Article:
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Ready for Events That Work?

October 28, 2014

I’ve got just three words for you: Breakfast. Lunch. Dinner. That’s right, the meals you need to eat anyway can be big lead and revenue tools when you invite a few prospects or clients along. They’re easier, cheaper and way more effective than those useless old trade shows and you get to control the whole thing without those pesky competitors, students, people who can’t make decisions and tire-kickers who waste your time. Read the rest of this entry »

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The Very Simple System For Picking Your Trade Shows

October 16, 2014

Last time we established that trade shows are many things, among them giant cash-sucking machines, that are terrible at lead generation.

Before we dive into the Very Simple System, let’s remember that trade shows exist for one reason: to make money for someone who isn’t you. It can be a private event company or, in B2B, it’s often an association that uses the trade show as a way to offset the costs of the talking bits of their conference and to give Bill Clinton something to do.

Why do we bother? Brand is why we bother. The right events have the people whose faces we want to be all up in. This is good news if you are trying to break into a market space, and it’s great news if you are already there and plan to stay.

So how do we pick which shows to go to?  In the first place, ignore your Sales Squirrels. They want to go to all of them since it beats picking up the phone. Next, you will need a few dry erase markers, one of those giant year-at-a-glance laminated calendars from Staples and your stack of emails, brochures, and post-it notes with all the events you’re considering. Read the rest of this entry »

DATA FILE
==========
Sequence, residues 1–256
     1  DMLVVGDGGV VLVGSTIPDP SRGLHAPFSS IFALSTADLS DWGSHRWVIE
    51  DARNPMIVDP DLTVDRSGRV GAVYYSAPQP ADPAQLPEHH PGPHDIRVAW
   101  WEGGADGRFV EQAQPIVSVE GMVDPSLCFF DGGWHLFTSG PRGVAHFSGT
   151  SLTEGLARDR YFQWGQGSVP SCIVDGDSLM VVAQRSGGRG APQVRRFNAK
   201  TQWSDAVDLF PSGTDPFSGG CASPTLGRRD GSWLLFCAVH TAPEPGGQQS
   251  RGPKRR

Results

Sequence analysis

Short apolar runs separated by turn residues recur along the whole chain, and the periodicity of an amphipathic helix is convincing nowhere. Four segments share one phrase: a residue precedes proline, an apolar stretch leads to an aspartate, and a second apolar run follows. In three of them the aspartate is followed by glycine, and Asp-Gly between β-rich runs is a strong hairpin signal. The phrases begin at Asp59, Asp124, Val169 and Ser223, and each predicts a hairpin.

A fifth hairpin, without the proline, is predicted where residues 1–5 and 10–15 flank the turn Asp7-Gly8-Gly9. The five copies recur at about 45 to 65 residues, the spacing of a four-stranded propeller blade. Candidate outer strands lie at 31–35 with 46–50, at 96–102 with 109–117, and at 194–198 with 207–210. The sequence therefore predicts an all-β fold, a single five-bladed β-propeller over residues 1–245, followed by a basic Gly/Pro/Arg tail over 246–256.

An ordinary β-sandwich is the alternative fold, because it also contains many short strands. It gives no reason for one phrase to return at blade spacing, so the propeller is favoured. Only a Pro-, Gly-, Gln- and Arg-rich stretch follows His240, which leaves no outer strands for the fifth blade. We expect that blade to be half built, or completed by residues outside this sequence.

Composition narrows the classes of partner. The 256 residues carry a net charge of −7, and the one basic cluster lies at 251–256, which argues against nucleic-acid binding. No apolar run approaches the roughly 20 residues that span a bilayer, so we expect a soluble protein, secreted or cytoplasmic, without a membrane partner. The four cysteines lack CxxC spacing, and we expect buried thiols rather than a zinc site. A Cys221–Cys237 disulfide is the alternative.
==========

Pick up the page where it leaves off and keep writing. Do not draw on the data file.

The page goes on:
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Pssst. Trade Shows Suck at Lead Generation. Pass it on.

October 1, 2014

Sales squirrels ignoring you? Here’s a fun way to get their attention: tell them you’re cancelling all the trade shows next year. Now count backwards from ten after you click send and stand by for the howling, the outrage, the pleading. It will sound something like this:

“How will we ever make quota?”

“The quarter is doomed!”

“How can I meet my clients?

“Where else could we demo the product?

“How am I going to close my deals?”

“Where will the leads come from?”

“I need quality face time.”

“Everybody will be there”

Select all that apply.

Yes, these are the same people who refuse to take a shift at the booth, sit around eating, reading and talking on the phone when they are at the booth and who take a perverse pride in wearing a suit instead of the swell golf shirts you ordered for the show. Read the rest of this entry »

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You Better Dance With Them What Brung Ya

September 22, 2014

Is it time already for Apple’s Festival of Likes? You know, that annual event where people find it necessary to sleep on the floor of a mall in order to pay someone hundreds of dollars for a phone. Personally, I’m happy to stay in my own bed and be one of the last to get an iPhone, but I admire any brand that can keep its tribe coming back for more nights on the terrazzo.

What happens, though, when the lining up stops? What do you do when nobody cares about your pretty new phone or your concert tickets or your content? You look next door, that’s what. Smart marketers go to adjacent bits of the market to find new customers when share begins to slip or competition gets a little nasty. Brilliant marketers don’t wait that long and start working on their adjacency planning while the sun still shines. Read the rest of this entry »